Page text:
Pakistan's government fired the defense secretary Wednesday and the army warned of "grievous consequences" for the country, escalating a political and legal crisis that some believe could end in the dismissal of government. Retired Lt. Gen. Naeem Khalid Lodhi, an army loyalist seen as a bridge between the generals and the civilian government, was dismissed for "gross misconduct and illegal action" and replaced with a bureaucrat close to Prime Minister Yousuf Reza Gilani, the government said in a statement. The developments were sign of near-open conflict between the army and the in a nation that has seen repeated military coups in its six-decade history. Relations between President Asif Ali Zardari and the generals have never been good, but have soured dramatically in recent months over a memo sent to Washington asking for its help in reining in the power of the military. Political instability has dogged the government since it took office in 2008 after a 10-year army dictatorship, and there have been frequent, wrong predictions of its demise since then. While unpopular, the government has a solid majority in parliament and its unclear whether the army or the Supreme Court have the stomach to unseat it midterm. The current standoff has hampered the nuclear-armed country's ability to battle al-Qaida and Taliban militants and coincided with the near collapse of ties between Pakistan and the United States, a relationship seen as key to negotiating an end to the war in Afghanistan. The memo, allegedly masterminded by Pakistan's then envoy to Washington, outraged the army, which portrayed it as a threat to national security. Acting under its pressure, the Supreme Court ordered a probe to establish whether it had been sanctioned by Zardari, something that could lead to impeachment hearings. As part of the investigation, army chief Gen. Ashfaq Pervez Kayani and the head of the main spy agency, Lt Gen. Ahmed Shuja Pasha, submitted statements to the court in which they suggested the memo was part of a conspiracy against the army. Prime Minister Yousuf Reza Gilani said in an interview to a Chinese newspaper that Kayani and Pasha had violated the constitution by doing this. The interview was also published by Pakistan's state-run news agency. An army statement denied the mens' actions were illegal, and said Gilani's allegations had "very serious ramifications with potentially grievous consequences for the country." It did not elaborate. An aide to Gilani said Lodhi was fired because of his role in submitting Kayani and Pasha's statements to the court. The Supreme Court is at the center of another affair that could also see the dismissal of the government. It has ordered the attorney general to open corruption proceedings against Zardari over a once shelved case, something the government is refusing to do. On Tuesday, judges warned they could dismiss Gilani unless he followed their order to pursue the case. It ordered the government to attend proceedings next week to explain its inaction. "I think the lines have been drawn, now it depends on who fires the next shot," said Rasul Bakhsh Rais, professor of political science at Lahore University of Management Sciences. "It is a three dimensional war: the judiciary, the political executive and the armed forces." Observers say political pressure is growing to topple the government before Senate elections scheduled for March, which are expected to give Zardari's party a majority in the upper house that would give him significant political power for the next six years. The country also is to hold general elections next year, although some are pushing for the vote to be held sooner. Most independent analysts say the army has little appetite for a direct coup but is happy to allow the Supreme Court, believed to be hostile to Zardari, to end the current setup via "constitutional" means. "We can't rule out those impulses. They are rooted in history, but right now the army have decided not to. Rather they will stay by the sidelines and watch the court," said Rais.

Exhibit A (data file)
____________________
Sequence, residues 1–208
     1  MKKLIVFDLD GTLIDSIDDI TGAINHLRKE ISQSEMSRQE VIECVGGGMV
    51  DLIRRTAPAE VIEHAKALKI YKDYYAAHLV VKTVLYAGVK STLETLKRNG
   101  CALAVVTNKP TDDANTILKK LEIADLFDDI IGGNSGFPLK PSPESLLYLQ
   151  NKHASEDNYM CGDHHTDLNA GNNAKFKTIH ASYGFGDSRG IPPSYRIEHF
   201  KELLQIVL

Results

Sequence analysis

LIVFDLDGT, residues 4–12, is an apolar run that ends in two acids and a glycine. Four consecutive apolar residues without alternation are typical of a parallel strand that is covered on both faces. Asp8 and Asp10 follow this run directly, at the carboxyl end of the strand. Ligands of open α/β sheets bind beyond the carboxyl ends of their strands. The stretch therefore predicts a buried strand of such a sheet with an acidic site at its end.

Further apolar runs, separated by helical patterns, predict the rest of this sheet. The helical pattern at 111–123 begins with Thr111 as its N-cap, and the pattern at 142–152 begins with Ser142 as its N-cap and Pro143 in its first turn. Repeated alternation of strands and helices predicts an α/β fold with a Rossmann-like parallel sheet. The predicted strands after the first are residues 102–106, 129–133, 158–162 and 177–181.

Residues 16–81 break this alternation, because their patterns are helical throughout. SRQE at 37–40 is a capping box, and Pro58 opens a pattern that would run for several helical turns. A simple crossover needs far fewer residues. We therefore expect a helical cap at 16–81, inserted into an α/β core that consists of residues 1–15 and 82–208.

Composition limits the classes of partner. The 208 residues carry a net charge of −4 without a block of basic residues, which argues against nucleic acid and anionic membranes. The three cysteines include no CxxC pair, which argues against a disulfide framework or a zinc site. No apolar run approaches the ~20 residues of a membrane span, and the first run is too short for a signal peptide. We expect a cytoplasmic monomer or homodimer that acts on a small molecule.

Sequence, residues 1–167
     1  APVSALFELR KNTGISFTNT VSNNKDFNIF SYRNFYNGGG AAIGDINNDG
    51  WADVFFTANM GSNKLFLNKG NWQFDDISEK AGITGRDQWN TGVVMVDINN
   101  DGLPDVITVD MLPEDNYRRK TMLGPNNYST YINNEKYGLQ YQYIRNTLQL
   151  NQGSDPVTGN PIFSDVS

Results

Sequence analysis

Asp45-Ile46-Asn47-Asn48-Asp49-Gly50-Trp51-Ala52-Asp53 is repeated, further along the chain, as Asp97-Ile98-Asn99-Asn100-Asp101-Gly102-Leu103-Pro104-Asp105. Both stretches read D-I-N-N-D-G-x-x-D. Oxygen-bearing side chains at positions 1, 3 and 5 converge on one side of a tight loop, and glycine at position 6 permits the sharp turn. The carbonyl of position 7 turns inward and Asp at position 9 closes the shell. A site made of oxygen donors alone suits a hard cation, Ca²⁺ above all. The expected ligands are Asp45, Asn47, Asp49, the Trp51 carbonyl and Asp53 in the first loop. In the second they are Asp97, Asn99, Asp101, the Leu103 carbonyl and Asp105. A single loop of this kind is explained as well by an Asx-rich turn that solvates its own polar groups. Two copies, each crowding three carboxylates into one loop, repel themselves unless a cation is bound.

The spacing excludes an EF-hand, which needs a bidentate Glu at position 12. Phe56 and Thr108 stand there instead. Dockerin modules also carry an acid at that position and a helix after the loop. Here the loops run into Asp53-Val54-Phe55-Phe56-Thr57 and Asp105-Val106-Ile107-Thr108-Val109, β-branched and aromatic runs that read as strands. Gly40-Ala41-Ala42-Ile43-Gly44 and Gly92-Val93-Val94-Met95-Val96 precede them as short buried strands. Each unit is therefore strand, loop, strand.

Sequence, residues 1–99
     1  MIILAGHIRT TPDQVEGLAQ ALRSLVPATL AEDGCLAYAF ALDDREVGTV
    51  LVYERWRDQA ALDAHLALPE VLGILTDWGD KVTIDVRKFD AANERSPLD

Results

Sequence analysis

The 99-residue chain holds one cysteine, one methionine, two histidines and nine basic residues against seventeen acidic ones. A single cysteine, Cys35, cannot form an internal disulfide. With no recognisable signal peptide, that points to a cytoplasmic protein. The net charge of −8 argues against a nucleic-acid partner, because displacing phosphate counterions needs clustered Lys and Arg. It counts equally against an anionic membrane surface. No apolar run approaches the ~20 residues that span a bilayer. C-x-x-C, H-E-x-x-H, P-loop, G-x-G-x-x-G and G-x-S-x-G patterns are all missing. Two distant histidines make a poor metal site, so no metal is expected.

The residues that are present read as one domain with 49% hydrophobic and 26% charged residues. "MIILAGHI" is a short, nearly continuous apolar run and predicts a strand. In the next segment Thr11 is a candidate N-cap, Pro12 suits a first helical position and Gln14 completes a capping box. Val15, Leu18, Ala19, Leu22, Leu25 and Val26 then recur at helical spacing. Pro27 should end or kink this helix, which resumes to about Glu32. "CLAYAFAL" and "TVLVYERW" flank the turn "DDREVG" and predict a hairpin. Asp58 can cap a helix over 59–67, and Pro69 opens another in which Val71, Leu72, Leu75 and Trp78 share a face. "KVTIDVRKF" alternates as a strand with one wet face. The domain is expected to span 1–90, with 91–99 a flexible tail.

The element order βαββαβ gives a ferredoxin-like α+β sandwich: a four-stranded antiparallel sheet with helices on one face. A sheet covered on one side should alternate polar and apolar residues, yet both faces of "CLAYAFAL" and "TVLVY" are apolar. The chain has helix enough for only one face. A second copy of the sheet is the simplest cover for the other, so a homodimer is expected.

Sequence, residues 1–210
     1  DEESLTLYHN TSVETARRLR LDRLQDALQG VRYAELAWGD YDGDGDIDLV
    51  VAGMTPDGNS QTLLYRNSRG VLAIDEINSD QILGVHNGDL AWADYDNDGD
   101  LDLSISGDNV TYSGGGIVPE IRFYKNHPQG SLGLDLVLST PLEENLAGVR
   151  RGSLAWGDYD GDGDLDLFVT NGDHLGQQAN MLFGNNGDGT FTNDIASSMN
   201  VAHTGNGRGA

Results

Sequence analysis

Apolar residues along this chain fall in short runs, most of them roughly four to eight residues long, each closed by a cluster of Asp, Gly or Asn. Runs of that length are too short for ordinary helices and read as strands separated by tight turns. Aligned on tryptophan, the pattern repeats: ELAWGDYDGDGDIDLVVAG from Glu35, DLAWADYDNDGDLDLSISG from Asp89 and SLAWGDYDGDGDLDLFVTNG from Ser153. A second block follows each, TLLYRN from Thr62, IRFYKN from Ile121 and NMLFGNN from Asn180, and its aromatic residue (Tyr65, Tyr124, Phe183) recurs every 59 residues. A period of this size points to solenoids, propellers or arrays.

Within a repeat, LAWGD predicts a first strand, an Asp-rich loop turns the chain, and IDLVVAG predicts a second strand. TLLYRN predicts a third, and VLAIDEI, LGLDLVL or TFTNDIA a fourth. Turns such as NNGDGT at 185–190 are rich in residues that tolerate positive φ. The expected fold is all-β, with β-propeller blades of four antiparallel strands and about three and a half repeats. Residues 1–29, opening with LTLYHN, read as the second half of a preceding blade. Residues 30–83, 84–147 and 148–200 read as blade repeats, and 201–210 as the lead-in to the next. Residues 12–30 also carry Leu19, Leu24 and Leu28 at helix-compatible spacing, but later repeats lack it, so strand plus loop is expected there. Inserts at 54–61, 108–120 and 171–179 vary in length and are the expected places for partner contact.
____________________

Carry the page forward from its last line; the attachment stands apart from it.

Pakistan's Army Generals Threatens, ''Democarcy''

DEMOCRACY TAKES REVENGE, ''Benazir Bhutto'' Remember Generals....